A few months back, Theresa and Rob’s 4th/5th graders were reading a book called Ordinary Mary’s Extraordinary Deed. The book has a lovely message about helping others with acts of kindness. At the end of the story, kindness has spread around the whole world. The student teacher Adrienne invited the class to respond to the book. The children were surprised that all the people in the world were depicted as only one race (White). Three students decided to write letters to the author and publisher. Just before vacation, the class received a letter and package. Because of our students’ critique, they published a revised edition to better reflect the world’s diversity!!! Enclosed were five copies of the new edition to add to our libraries. I am very proud of our students for taking a stand and helping these adults to see the world in a new, more inclusive way: 

    “It is understandable why each of you expressed concern with the artwork of the different children of the world being only one race. This is not an accurate display of the variety of people that this world has to offer and the message that is throughout the book.” – Addison Sharp

    January is a busy month for our teachers. After months of observations and assessments, it is time for them to write narrative report cards about each child. Though the workload is intense, the burden is outweighed by the value of the close, individual attention paid to each child. At The Earth School, we believe that knowing children well is the key to teaching them well. Though most parents are not used to “narrative report cards," we hope that reading them provides a window into the work that teachers do to get "inside" the thinking of young learners. The narrative reports will be sent home the first week of February. Please understand that teachers may be less available than usual for parent meetings and communications.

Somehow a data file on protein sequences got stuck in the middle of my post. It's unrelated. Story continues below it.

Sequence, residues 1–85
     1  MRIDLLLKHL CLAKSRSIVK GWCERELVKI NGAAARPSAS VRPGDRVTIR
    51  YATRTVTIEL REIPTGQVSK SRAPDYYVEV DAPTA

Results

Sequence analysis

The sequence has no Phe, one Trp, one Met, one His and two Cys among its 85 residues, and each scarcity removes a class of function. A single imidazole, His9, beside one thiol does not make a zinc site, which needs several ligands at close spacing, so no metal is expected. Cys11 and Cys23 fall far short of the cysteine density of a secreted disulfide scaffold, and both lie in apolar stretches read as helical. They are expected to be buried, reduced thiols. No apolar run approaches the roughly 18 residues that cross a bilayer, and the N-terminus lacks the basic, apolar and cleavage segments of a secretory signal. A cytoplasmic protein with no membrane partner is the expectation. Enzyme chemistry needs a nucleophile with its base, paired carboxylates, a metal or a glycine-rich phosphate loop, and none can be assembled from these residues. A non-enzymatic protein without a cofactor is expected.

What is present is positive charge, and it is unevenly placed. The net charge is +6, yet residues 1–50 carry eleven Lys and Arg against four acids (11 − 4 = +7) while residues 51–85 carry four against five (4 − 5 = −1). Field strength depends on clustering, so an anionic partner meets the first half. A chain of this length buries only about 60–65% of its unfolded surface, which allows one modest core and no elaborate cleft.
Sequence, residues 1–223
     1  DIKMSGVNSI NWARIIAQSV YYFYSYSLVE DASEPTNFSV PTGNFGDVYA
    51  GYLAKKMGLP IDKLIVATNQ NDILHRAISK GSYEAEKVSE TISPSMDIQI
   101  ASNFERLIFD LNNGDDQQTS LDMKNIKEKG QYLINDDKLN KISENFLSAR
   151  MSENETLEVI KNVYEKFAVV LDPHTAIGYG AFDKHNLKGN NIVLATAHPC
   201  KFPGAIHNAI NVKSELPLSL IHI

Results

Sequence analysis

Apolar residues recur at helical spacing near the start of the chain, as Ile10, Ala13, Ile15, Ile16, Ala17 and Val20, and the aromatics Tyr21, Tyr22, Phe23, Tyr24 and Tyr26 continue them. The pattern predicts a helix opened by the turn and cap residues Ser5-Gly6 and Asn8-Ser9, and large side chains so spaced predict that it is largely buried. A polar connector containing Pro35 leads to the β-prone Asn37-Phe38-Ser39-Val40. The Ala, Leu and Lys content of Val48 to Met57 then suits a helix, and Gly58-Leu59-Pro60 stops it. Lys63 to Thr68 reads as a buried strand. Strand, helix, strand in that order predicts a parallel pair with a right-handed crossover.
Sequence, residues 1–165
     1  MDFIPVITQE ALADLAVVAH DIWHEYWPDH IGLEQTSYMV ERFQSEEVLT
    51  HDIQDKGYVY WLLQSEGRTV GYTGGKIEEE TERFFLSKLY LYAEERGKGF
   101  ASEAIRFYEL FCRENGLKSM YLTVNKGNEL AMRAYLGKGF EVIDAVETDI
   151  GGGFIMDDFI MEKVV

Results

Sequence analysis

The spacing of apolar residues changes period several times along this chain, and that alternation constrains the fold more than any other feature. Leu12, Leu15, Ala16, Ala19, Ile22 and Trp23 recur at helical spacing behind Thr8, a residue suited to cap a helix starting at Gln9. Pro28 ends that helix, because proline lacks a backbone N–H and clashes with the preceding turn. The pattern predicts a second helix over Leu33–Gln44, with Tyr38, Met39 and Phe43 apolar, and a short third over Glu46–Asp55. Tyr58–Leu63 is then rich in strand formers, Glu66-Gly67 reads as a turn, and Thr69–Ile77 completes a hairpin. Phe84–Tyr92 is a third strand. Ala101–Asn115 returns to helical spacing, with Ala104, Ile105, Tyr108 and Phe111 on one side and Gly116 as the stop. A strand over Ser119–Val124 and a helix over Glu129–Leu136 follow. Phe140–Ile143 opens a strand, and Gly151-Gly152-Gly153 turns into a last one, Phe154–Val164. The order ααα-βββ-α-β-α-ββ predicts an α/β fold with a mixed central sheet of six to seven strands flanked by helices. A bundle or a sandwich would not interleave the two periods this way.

Love, Abbe

    Posted Jan 2, 2018, 9:54 AM by Designer Vanessa Lemonides
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This Week

1/15. Martin Luther King, Jr. Day. No school

1/16, 8:30 – 9:30 a.m. PA Meeting, library.

1/16, 9:30 – 10:30 a.m. Rod Rodgers Dance performance, auditorium.

1/17, 8:00 a.m. Book signing Sing It!: A biographer of Pete Seeger by Meryl Danziger

1/19, 8:30 – 10:00 a.m. Diversity & Difference Study Group, library (see email for reading)


Department of Education Policy on Outdoor Play

“Children benefit from vigorous exercise and should be given the opportunity to play outside whenever possible. Unless it is snowing, there is ice on the playground, or the wind chill factor creates an effective temperature below zero degrees Fahrenheit (-18 degrees Celsius), temperature alone should not be a barrier to outdoor play. You are encouraged to work with your staff to maintain outdoor play periods, and you should take precautions to keep students warm and to ensure that they are appropriately dressed on very cold days. When outdoors, please ensure that your students and staff cover exposed skin, wear warm clothing, and use multiple layers to maintain warmth. For more information, see this guide to staying warm outdoors.”